|There were once three brothers who lived in the same village. One of them was very rich. He had houses and fields and barns. He had nothing to spend his money on for he had no children and his wife was as saving and hardworking as himself.... Read more of The Silver Tracks at Children Stories.ca|| Informational|
Medical ArticlesThe Relative Position Of The Superficial Organs Of The Thorax And Abdomen
In the osseous skeleton, the thorax and abdomen constitute a ...
See Whooping Cough. ...
Dr Jerome Kidder's Electro-magnetic Machine
On opening the machine-box, as it comes from the manufacturer...
Cancers take on a variety of forms, distinguished by differen...
Suck the wound, and apply a drop or two of strong ammonia to t...
Intermittent Fever, Ague or Chill Fever. This comes on wit...
Enemas Versus Colonics
People frequently wonder what is the difference between a col...
The Glands In The Skin
Sweat Glands. Like all the pavement (epithelial) surfaces of ...
Menorrhagia - Profuse Menses - Flowing
For this affection, _Ipecac_ and _Hamamelis_ are the specific...
To Prevent Itch
A dose of _Sulphur_, or rubbing a little flour of sulphur on ...
Children In Fever
Fevered children, whether in any actual fever, as scarlet, typ...
This distressing and most infectious trouble is due to a small...
ALTHOUGH so much time and care are given to the vario...
The diet of the sick should he nutricious, but at all times s...
Seamill Sanatorium And Hydropathic
Very soon after the appearance of these "Papers on Health," th...
Positive And Negative Effort
DID you ever have the grip? If you ever have you may ...
This results from severe damp chills, usually following exhaus...
One of the most notorious charlatans of the eighteenth centur...
Soaping The Head
See Head, Soaping. ...
Auricular Fibrillation Treatment
The condition may be stopped by relieving the heart and circu...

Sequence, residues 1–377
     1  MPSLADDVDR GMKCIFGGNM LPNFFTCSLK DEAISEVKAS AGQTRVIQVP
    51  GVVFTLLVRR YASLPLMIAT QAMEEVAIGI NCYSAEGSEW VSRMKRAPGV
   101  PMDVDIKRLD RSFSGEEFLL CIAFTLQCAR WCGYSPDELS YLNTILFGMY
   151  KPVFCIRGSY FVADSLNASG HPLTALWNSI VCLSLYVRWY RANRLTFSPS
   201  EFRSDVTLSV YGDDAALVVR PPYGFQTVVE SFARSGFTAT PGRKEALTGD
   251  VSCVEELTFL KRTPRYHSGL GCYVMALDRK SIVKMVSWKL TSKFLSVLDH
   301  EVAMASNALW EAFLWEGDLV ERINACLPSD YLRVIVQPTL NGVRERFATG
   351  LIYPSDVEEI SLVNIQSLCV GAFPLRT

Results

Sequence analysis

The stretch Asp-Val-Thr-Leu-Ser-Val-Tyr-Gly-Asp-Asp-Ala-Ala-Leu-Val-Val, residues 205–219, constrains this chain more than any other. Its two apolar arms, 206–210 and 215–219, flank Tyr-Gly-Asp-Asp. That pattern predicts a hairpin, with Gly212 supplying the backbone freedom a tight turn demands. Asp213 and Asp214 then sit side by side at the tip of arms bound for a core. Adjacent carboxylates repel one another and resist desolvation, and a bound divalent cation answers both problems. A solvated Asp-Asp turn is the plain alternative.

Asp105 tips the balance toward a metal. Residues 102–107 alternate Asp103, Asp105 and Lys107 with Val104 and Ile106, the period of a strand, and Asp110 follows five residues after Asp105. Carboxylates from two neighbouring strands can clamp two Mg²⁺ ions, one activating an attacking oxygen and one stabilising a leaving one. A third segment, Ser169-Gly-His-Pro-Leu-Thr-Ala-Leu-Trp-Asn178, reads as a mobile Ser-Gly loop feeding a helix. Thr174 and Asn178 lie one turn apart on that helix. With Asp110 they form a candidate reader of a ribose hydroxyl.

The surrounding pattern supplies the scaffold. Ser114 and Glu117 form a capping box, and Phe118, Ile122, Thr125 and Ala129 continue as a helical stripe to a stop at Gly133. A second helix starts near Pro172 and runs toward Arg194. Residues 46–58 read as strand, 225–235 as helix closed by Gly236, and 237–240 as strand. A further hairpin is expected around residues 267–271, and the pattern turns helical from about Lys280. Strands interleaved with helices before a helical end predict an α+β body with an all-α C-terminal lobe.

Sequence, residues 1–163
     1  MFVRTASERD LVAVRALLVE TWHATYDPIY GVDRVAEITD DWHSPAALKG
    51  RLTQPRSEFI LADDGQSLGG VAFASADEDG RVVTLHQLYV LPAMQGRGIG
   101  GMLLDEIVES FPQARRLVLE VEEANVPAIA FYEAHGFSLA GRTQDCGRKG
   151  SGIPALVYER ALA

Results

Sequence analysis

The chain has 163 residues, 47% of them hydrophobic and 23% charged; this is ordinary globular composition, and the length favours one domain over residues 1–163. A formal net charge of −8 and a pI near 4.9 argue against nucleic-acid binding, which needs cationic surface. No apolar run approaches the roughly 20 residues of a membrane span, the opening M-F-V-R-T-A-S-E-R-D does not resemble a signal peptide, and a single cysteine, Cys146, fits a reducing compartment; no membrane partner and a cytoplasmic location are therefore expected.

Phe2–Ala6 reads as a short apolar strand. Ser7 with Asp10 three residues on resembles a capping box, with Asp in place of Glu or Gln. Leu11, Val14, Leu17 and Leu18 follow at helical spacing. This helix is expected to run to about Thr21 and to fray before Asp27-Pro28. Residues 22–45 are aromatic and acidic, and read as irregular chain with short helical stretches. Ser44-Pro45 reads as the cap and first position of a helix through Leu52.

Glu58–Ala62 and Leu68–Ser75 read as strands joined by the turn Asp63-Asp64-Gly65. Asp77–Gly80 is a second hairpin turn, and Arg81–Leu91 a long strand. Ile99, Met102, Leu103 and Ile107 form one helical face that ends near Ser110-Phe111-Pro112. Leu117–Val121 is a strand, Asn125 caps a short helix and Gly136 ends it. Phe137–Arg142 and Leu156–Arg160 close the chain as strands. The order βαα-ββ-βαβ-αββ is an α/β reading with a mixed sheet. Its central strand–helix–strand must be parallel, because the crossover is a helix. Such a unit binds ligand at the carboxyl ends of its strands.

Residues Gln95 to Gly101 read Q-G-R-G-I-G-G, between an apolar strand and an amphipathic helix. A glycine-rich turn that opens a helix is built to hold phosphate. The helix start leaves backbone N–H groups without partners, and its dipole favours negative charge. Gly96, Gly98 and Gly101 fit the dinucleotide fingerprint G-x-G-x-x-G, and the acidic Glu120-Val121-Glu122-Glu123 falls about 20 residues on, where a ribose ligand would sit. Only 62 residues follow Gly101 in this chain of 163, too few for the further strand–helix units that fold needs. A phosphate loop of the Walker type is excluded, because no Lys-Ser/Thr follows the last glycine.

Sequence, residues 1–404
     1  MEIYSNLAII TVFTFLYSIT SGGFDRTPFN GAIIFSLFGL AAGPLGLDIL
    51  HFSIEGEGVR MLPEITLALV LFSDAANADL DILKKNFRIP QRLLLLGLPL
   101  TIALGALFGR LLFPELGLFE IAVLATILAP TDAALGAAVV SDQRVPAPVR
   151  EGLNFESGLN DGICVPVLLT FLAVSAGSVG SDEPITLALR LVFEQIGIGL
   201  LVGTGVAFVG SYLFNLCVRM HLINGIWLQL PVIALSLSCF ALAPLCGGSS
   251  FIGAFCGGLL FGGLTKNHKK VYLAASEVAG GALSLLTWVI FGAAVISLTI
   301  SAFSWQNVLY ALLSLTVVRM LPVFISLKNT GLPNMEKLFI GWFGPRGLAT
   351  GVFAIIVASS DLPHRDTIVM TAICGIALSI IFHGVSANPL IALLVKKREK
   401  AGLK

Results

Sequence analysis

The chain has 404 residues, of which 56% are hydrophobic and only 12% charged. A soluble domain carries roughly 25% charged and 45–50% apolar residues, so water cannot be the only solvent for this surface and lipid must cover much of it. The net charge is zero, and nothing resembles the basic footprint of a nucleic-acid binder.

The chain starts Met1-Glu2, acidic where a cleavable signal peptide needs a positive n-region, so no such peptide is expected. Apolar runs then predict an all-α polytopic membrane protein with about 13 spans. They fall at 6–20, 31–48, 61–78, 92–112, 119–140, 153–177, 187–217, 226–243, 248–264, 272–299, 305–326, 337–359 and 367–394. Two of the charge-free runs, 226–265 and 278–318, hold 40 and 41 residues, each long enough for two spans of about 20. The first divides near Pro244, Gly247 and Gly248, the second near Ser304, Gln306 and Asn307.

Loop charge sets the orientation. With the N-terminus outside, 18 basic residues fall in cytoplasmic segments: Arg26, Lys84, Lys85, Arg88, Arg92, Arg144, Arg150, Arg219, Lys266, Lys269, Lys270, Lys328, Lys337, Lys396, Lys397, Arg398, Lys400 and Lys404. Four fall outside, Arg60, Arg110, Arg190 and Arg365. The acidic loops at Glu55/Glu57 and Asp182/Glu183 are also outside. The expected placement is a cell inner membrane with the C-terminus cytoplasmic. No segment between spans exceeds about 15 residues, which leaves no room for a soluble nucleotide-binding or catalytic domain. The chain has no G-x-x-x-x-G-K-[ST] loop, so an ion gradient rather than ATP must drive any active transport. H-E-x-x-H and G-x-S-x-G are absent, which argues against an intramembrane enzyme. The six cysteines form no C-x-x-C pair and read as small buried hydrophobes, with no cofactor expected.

Source: Disturbances Of The Heart
Following dry pericarditis or pericarditis with an exudate,
especially when the exudate is fibrinous in character, the fibrous
substance which is not absorbed or resorbed may develop into
connective tissue, and the two pericardial surfaces become
permanently grown together, causing the so-called adherent
pericarditis. These adhesions between the two surfaces of the
pericardium may be general throughout the entire pericardial sac, or
they may be limited to some one or more parts of the pericardium.
Perhaps one of the most frequent points of adhesion is the anterior
part of the pericardium, while the apex is the part most likely to
be free, even when other parts of the pericardium have grown
together. This freedom of the apex is probably due to the constant
and more extensive motion of the apical portion of the heart, and is
the reason that it has been suggested, as referred to under acute
pericarditis, that, other conditions not contraindicating, the
patient may be allowed to move about a little during convalescence
to cause the heart to beat more actively. Sometimes the surfaces of
the pericardium are not closely adherent to each other, but bands of
adhesion stretch from one surface to the other.
After adhesions have taken place between the two layers of the
pericardium, the action of the heart is impaired, serious
interference with the cardiac action may develop, and sudden death
may occur. If the heart is given all the rest possible during the
acute phase of the disease, there will be less likelihood of the
surfaces becoming so irritated that adhesions readily form. Anything
which permits complete absorption and resorption of tile exudate
will tend to prevent these hampering adhesions. If the adhesions are
such as to cause irregular heart, recurrent pain and the danger of
sudden death, surgical help has been suggested. This surgical
procedure is to remove a portion of the ribs, perhaps of the third,
fourth and fifth, to allow the heart more freedom of action to
compensate for the impairment of its activity from the adhesions.
Such an operation was first suggested by Brauer of Heidelberg in
The question of the best method of producing anesthesia in this
condition of the heart is a serious one. A patient might die during
the anesthesia; but he might also die at any time from cardiac
spasm. In certain instances, in adults, local anesthesia might be
sufficient. Pain reflexes, however, would be serious. Such an
operation would be indicated when the apex is fixed so that there is
a constant sensation of hugging of the heart at the fourth and fifth
ribs, with paroxysms of pain and cardiac weakness.
Next: Myocardial Disturbances
Previous: Pericarditis Symptoms And Signs